FiR Audio Neon 4

General Information

The Neon 4 is for the lover of smooth, creamy sounds. Which it achieves without sacrificing resolution. The Neon 4’s highlight lies in its lush, upper mids and trebles. As well as a stellar sense of space and positioning from its ATOM XS module. Place these characteristics on a snappy, speedy bass foundation for an immersive, detail-oriented listen.

The Custom-fit IEM comes in a durable acrylic, with an array of elegant color and design options. The Universal-fit version features a machined aluminum shell and gorgeous sapphire crystal glass faceplates.

The Neon 4 is equipped with 3 balanced armature drivers, a 10mm dynamic driver for lows, fed through the Kinetic Bass port.

Along with the rest of the Frontier Series, the Neon 4 comes in a Universal-Fit and a Custom-Fit version.

USD 2299


1x 10mm Kinetic Bass Dynamic Driver
1x OpenDriver Balanced Armature Driver for mids
1x OpenDriver Balanced Armature Driver for high-mids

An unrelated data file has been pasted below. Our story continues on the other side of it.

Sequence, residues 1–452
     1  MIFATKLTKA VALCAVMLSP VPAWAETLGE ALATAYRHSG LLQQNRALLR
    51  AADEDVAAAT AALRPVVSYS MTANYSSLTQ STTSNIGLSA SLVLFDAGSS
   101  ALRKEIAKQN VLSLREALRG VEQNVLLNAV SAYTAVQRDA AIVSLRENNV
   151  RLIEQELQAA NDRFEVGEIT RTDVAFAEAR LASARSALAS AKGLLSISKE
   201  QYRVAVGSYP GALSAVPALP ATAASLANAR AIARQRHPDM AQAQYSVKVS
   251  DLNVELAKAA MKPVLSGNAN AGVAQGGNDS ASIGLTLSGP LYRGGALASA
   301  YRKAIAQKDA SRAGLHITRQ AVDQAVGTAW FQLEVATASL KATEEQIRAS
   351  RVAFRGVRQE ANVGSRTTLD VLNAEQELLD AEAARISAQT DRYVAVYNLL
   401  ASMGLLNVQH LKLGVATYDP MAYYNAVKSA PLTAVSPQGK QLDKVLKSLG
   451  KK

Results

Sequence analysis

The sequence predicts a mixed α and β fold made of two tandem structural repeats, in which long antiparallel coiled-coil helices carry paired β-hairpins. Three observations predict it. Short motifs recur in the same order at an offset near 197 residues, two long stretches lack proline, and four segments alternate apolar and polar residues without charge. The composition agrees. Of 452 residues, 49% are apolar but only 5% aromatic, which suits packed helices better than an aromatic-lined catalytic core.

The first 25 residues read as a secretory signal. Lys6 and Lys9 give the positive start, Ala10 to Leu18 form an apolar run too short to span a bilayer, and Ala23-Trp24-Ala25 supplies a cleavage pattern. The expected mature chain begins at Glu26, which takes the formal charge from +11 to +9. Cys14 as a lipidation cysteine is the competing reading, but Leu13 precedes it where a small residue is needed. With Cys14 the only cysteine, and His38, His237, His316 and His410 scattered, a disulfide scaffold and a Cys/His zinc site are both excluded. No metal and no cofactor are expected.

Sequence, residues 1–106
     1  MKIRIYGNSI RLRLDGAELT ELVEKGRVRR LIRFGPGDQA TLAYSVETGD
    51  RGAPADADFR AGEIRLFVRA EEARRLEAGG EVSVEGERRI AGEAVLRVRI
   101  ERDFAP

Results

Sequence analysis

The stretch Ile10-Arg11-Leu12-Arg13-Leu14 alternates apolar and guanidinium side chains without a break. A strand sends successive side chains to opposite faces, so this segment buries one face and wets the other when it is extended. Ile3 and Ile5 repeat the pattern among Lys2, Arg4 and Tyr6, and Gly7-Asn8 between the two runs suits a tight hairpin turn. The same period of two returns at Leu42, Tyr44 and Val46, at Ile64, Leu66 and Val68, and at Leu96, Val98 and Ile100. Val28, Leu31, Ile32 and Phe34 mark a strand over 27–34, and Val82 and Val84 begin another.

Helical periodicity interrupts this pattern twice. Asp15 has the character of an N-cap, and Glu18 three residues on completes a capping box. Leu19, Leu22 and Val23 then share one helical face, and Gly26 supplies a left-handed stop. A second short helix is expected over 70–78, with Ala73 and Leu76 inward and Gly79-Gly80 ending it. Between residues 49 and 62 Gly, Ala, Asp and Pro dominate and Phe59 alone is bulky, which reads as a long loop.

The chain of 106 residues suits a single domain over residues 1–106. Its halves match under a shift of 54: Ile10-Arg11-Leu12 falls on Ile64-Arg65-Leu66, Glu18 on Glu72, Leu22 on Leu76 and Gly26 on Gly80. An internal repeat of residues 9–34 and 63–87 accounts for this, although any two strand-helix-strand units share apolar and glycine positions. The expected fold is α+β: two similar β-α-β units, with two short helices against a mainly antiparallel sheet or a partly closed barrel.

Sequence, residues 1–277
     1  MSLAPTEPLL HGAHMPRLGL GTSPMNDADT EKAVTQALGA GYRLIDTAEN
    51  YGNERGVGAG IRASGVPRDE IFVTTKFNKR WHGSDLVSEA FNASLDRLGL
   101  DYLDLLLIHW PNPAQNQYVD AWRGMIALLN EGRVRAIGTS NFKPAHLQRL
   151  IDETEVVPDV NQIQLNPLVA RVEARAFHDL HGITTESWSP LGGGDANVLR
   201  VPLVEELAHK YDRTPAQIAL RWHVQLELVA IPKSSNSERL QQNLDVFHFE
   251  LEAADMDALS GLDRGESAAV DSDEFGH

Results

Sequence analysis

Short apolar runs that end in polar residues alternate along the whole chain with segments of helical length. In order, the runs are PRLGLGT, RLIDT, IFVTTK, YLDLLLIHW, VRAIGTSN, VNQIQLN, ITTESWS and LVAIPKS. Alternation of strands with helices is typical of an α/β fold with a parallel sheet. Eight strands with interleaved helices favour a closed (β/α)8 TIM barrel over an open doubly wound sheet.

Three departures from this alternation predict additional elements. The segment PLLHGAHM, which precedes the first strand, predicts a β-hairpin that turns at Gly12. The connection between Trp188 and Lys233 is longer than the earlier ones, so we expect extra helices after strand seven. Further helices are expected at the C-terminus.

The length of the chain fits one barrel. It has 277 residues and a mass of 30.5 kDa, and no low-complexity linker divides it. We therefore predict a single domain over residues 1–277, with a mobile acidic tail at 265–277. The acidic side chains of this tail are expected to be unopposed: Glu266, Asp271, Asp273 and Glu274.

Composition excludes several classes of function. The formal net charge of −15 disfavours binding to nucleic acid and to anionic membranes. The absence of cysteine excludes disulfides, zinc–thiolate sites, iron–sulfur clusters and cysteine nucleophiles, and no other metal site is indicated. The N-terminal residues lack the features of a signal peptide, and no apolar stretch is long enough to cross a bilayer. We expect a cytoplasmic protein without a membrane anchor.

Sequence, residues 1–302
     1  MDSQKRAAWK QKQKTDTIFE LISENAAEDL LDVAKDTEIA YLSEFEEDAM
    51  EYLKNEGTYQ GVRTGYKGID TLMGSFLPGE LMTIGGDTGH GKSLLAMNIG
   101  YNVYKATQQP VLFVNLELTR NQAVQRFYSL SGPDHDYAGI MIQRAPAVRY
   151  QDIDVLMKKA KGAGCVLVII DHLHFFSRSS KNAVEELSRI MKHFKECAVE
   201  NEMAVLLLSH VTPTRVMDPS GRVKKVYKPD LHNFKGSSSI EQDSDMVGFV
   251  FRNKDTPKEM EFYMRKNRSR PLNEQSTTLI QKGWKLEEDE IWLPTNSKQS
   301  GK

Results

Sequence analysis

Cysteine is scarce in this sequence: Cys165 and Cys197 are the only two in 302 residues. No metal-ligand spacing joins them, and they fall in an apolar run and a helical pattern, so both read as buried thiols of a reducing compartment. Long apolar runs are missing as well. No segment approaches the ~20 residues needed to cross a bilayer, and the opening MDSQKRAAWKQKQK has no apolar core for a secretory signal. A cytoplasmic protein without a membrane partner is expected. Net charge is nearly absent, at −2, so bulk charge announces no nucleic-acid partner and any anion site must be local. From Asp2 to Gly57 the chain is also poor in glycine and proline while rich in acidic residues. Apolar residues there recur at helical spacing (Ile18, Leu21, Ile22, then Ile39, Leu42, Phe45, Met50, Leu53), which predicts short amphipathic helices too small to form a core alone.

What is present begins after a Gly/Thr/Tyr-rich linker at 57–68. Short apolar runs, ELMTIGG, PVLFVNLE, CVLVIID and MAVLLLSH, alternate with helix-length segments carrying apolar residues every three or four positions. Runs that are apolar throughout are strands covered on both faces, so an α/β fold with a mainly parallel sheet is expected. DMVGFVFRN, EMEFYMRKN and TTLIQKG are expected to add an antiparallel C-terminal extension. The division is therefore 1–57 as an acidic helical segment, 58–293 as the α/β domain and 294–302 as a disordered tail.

1x OpenDriver Balanced Armature Driver for highs (with Sound Reflector)

Freq. Range: 20-20kHz
Impedance: 22ohms

Machined Aluminum Shells (UIEM)
Sapphire Glass Faceplates (UIEM)
ATOM XS Interchangeable Modules (UIEM)
Leather Protective Case (Audiophiles)
ree Custom Artwork & Premium Faceplates (CIEM)
Internal ATOM and ATOM X Modules (CIEM)
Aluminum Protective Case (Musicians)

Latest reviews


100+ Head-Fier
Middle Child Syndrome
Pros: Tremendous bass reproduction
Smooth and easy listen
Cons: Vocals feel extremely recessed
Veiled and dark sound signature
Treble is lacking



Thank you to @Damz87, MiniDisc Australia ( and Fir Audio themselves for arranging this Australian tour of the Fir Audio RN6, XE6 and NE4.